Wednesday, March 17, 2010

When is a Writer a Writer -- and not an Alcoholic?

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Patti struck a chord with me Monday in the first paragraph of her post when she said, "I hadn't convinced myself that I was a writer." For Patti, it took a dedicated schedule to make her feel authentic as a writer. I certainly relate. It took nearly two decades before I could seriously call myself, or even think of myself, as a writer. I could say, "I write." And that I "hope to be published." But even though I spent 20 years working hard at the craft, and produced several novels, I didn't consider myself a real writer until I held Every Good & Perfect Gift in my hands. Not that I thought what I was doing all those years was make believe. But my hard work hadn't produced results, and I needed results to feel validated.
In preparing for this post, I put these questions to a group of Christian authors: Before you were published, was there a time when it was difficult to seriously consider yourself a writer? If so, did it take publication to change your feelings, or was there a point prior to publication when that changed? Here are portions of their responses. I hope you'll forgive the length of this post, but I wanted to include something from each one who responded.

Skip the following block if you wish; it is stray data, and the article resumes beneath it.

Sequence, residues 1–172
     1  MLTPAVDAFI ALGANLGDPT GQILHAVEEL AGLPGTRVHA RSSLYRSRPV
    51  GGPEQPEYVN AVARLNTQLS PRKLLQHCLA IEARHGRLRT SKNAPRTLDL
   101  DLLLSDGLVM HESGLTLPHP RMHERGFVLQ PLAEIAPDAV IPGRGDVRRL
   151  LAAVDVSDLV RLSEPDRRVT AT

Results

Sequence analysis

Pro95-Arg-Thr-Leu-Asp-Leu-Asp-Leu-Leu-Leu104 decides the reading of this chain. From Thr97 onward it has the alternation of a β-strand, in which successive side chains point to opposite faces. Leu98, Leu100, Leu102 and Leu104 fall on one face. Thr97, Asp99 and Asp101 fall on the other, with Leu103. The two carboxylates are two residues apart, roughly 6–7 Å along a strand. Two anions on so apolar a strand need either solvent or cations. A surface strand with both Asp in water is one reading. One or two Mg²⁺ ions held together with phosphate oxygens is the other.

"I have approximately 20 books published. Until recently, if a writing group was divided by pubbed and unpubbed I automatically aligned myself with the non-pubbeds ... being published hasn't changed my insecurities." Linda Ford

"I wasn't able to call myself a 'writer' without feeling inwardly doubtful about was I 'putting on airs' until I received my contract for my SECOND 3-book series ... I didn't feel comfortable telling people 'I'm a writer' until I was published in a way that looked like I'd achieved a promising career." Stephanie Whitson

"... during the five months it took me to write the first draft of my first novel, my husband was the only soul I dared to tell. I didn't call myself a writer until I sold my first book ... While I now claim 'writer' for lack of a better way to describe what I do all day, it still feels presumptuous to call myself a novelist." Deborah Raney

"I remember the first meeting of Georgia Romance Writers when I stood up and told them I was a writer. I felt like an alcoholic at an AA meeting! But it was a freeing experience to confess my secret life, hovered over a keyboard on the weekends!" Mae Nunn

"... it was hard to seriously consider myself a writer before publication... I continued to believe publication was too big of a dream and my prayer wouldn't be answered the way I wanted it to be. Wrong -- prayer answered and I suddenly had a four-book contract." Tamara Leigh

"It not only took publication for me to consider myself a writer, but multiple sales! Always in the back of my mind I thought I had just gotten lucky." Shelley Shepard Gray

"It took me a couple of books, at least, before I'd say out loud that I was a writer. I had such respect for books and writers that it was hard to put myself in that category." Gayle Roper